distance : 39,
          mass :  0.000254
        }
      ];
      $scope.f = {};

      $scope.filter_by = function(field) {
        console.log(field);
        console.log($scope.g[field]);
        if ($scope.g[field] === '') {
             delete $scope.f['__' + field];
             return;
        }
        $scope.f['__' + field] = true;
        $scope.planets.forEach(function(v) { v['__' + field] = v[field] < $scope.g[field]; })
      }
    
    });
  </script>

</head>
<body ng-app="TableFilterApp" ng-controller="TableFilterController">

<table>
<tr><th>Name</th><th>Average Distance</th><th>Mass</th></tr>
<tr><td><input ng-model="f.name"></td><td><input ng-model="g.distance" ng-change="filter_by('distance')"></td><td><input ng-model="g.mass" ng-change="filter_by('mass')"></td></tr>
<tr ng-repeat="p in planets | filter:f"><td>{{p.name}}</td><td>{{p.distance}}</td><td>{{p.mass}}</td></tr>
</table>
</body>
</html>


Try!

This is more complex. I could not find a better solution yet, so for now, every time the user types in a value in either of the "distance" or the "mass" filter box, the code will go over the values of the array, and add an extra key to each object which is true if the object matches the currently added filter, or false if it isn't. The extra key is build using two underscores '__' followed by the original key. The assumption is that it is very unlikely that we'll encounter data where these are also real keys.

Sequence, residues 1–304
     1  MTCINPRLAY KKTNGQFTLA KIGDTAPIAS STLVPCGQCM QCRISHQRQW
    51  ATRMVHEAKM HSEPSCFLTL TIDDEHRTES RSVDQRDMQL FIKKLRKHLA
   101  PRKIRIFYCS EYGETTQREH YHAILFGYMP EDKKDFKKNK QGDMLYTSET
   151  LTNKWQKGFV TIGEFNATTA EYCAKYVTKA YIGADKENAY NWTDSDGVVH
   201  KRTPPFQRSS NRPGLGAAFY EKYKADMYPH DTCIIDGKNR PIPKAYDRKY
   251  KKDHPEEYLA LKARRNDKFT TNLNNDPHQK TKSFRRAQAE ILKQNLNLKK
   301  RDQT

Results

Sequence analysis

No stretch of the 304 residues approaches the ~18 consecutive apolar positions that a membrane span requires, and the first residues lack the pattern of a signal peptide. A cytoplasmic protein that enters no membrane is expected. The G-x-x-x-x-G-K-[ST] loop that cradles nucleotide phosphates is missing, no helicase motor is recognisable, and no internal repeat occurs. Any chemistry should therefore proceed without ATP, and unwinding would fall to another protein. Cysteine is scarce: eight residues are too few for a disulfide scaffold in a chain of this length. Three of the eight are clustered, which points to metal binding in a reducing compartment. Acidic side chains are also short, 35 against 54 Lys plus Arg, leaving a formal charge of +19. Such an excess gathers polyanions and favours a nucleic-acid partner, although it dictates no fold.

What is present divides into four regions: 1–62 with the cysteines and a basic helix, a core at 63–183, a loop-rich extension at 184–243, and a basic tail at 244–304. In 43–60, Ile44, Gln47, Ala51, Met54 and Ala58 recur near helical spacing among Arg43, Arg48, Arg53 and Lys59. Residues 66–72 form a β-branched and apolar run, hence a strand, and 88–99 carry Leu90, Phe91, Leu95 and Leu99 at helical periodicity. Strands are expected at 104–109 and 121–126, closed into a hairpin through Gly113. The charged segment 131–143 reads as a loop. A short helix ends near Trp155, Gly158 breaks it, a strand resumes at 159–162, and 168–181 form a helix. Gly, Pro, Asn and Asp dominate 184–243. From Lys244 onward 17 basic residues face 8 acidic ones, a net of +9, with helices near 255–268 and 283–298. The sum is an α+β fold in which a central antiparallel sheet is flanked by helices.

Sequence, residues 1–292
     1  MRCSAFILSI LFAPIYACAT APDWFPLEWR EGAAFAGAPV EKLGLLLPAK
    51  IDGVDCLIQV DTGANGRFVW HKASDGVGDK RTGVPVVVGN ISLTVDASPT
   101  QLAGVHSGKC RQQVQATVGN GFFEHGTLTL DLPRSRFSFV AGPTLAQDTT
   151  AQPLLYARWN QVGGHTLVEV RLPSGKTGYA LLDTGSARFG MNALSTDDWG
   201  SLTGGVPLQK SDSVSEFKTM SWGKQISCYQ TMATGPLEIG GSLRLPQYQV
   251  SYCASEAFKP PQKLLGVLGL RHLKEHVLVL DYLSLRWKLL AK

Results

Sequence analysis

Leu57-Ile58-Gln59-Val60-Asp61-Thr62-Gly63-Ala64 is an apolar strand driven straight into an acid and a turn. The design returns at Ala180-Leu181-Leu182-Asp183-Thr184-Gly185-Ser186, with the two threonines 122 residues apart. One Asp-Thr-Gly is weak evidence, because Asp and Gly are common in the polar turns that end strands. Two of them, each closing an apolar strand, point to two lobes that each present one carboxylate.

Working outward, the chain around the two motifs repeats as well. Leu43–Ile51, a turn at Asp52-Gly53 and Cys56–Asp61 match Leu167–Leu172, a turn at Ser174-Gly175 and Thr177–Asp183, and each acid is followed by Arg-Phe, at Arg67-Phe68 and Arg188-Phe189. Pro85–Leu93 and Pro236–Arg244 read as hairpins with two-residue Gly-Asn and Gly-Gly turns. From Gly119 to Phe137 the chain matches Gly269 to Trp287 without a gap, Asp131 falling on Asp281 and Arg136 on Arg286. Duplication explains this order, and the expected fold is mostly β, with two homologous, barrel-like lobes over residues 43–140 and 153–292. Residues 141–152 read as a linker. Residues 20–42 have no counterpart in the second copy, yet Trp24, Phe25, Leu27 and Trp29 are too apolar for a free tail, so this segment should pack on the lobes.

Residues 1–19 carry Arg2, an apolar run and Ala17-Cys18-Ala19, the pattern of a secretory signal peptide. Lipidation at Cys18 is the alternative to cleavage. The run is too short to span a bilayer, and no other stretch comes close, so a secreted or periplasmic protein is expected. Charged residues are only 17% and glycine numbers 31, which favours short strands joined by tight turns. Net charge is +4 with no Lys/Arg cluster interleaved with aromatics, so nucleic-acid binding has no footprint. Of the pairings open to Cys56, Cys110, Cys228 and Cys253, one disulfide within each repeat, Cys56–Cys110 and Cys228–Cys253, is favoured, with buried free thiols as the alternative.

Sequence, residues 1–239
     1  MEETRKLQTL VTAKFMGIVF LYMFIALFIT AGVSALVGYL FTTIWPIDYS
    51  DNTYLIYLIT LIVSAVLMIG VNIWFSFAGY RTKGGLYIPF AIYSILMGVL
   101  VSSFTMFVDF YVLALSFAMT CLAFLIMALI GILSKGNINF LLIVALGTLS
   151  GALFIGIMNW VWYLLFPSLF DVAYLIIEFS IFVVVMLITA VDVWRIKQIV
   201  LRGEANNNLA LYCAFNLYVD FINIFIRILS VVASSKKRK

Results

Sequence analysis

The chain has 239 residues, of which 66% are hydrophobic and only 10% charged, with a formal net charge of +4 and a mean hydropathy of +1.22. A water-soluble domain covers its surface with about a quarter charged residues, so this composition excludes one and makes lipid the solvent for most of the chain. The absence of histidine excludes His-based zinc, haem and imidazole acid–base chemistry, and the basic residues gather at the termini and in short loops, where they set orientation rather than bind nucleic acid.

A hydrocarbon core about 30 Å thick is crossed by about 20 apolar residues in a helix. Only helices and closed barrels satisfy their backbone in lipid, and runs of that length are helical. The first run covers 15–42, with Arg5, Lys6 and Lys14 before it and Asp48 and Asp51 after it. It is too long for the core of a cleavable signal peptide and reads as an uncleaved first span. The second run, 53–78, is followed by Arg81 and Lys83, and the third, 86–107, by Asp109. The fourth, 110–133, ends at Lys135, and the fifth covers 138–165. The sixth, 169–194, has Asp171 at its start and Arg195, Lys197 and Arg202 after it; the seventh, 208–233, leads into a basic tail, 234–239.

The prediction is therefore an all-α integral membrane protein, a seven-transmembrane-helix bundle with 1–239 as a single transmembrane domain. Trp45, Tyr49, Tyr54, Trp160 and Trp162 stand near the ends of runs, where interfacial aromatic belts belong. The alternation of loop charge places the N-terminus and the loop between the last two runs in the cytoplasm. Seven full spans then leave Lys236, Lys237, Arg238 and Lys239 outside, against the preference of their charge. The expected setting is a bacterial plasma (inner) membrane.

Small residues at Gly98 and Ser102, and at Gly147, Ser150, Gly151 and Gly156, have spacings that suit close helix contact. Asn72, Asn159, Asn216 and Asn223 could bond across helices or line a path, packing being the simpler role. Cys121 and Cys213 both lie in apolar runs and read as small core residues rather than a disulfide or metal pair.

The HTML part has changed slightly. Instead of binding the input boxes to attributes of the filter object, we bind them to another object (called g), and we also connect the input boxes to functions calls using ng-change.

examples/angular/angular_table_filter_2b.js

<tr><td><input ng-model="f.name"></td><td><input ng-model="g.distance" ng-change="filter_by('distance')"></td><td><input ng-model="g.mass" ng-change="filter_by('mass')"></td></tr>

When the user changes either of the two boxes, Angular will run the filter_by function. There first we check if the input box is empty. If it is, then we remove the whole condition.

If there is a value in the input box, we go over all the object in the planets array and add the attribute with the appropriate true or false value. The actual filtering is done by AngularJS.

examples/angular/angular_table_filter_2.js

      $scope.f = {};

      $scope.filter_by = function(field) {
        if ($scope.g[field] === '') {
             delete $scope.f['__' + field];
             return;
        }
        $scope.f['__' + field] = true;
        $scope.planets.forEach(function(v) { v['__' + field] = v[field] < $scope.g[field]; })
      }